Jonglei State Ministry of Health with partners is starting a circumcision drive targeting the uncircumcised community in Bor.
Circumcision, a surgical removal of the skin covering the tip of the penis. The procedure is fairly common for most communities in certain parts of South Sudan.
Circumcision might have various health benefits, including:
• Easier hygiene. Circumcision makes it simpler to wash the penis. However, boys with uncircumcised penises can be taught to wash regularly beneath the foreskin.
• Decreased risk of urinary tract infections. The risk of urinary tract infections in males is low, but these infections are more common in uncircumcised males. Severe infections early in life can lead to kidney problems later.
• Decreased risk of sexually transmitted infections. Circumcised men might have a lower risk of certain sexually transmitted infections, including HIV. Still, safe sexual practices remain essential.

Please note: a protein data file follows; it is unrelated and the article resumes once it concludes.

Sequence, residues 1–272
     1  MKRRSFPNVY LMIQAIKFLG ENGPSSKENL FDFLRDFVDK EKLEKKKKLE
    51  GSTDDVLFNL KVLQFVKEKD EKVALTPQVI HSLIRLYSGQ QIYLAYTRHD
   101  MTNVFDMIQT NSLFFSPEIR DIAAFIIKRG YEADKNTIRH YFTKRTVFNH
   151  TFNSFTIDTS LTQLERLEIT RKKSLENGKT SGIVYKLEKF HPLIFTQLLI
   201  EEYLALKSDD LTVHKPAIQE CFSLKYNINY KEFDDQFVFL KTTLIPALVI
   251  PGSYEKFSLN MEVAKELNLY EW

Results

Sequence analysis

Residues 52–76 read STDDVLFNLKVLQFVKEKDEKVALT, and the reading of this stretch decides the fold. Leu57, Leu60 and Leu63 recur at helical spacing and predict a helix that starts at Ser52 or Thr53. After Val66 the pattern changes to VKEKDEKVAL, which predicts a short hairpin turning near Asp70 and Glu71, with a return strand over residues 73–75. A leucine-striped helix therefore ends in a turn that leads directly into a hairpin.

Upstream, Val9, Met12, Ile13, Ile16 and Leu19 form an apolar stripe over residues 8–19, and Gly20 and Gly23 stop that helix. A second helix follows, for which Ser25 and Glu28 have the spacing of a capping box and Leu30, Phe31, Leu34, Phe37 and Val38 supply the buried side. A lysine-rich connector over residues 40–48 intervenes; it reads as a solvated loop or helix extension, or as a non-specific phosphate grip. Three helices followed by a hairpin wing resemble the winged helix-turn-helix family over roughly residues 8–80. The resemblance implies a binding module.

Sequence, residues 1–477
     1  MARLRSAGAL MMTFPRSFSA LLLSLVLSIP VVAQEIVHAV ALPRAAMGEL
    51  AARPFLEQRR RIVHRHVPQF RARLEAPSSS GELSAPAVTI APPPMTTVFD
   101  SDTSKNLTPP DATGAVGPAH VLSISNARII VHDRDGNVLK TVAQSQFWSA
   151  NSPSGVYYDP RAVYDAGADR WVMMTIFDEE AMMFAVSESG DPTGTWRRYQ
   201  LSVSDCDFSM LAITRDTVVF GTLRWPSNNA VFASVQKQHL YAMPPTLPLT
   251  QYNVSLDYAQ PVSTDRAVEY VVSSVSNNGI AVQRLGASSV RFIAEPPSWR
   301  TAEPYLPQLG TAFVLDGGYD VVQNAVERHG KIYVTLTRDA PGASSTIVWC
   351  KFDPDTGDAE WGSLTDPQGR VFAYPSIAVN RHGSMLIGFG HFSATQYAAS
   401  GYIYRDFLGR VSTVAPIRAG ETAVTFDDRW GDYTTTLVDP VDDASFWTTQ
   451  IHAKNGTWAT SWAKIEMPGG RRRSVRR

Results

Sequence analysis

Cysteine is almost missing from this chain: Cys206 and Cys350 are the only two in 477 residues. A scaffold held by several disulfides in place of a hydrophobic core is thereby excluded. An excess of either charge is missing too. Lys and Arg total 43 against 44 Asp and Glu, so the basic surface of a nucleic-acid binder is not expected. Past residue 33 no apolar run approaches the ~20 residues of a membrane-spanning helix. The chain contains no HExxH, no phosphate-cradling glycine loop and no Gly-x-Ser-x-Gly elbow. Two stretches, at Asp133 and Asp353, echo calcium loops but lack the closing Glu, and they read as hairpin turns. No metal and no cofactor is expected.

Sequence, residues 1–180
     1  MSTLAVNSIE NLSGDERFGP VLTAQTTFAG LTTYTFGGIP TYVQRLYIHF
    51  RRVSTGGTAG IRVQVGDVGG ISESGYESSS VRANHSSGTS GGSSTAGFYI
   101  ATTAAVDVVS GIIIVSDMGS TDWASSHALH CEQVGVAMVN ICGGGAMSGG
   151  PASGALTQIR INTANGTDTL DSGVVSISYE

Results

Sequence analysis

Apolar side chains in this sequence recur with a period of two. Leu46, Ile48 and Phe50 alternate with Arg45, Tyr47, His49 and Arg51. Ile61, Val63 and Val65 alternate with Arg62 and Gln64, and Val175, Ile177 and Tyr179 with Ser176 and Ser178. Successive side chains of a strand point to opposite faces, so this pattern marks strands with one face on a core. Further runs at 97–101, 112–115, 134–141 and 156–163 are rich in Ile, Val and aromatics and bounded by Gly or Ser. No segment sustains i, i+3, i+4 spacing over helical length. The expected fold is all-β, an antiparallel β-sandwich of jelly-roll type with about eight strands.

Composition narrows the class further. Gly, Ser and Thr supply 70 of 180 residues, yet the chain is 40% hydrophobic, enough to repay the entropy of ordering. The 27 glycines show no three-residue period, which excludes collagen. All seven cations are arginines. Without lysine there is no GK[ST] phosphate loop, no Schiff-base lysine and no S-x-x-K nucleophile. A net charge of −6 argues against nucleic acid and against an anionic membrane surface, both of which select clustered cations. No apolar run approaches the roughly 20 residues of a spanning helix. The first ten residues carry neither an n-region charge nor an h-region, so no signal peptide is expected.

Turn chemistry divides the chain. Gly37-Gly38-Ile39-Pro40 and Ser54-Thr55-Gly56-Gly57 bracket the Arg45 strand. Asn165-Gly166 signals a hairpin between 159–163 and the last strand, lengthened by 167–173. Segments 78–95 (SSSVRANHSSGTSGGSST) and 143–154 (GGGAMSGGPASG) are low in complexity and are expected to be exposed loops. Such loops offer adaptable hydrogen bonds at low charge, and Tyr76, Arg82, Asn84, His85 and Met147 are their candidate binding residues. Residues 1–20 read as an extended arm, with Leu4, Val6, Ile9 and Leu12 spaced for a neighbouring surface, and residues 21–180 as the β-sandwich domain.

• Prevention of penile problems. Occasionally, the foreskin on an uncircumcised penis can be difficult or impossible to retract (phimosis). This can lead to inflammation of the foreskin or head of the penis.
• Decreased risk of penile cancer. Although cancer of the penis is rare, it’s less common in circumcised men. In addition, cervical cancer is less common in the female sexual partners of circumcised men.
The risks of not being circumcised, however, are not only rare, but avoidable with proper care of the penis.
Circumcision might not be an option if certain blood-clotting disorders are present. Also, circumcision might not be appropriate for premature babies who still require medical care in the hospital nursery or for babies born with abnormalities of the penis.
Circumcision doesn’t affect fertility, nor is circumcision generally thought to enhance or detract from sexual pleasure for men or their partners.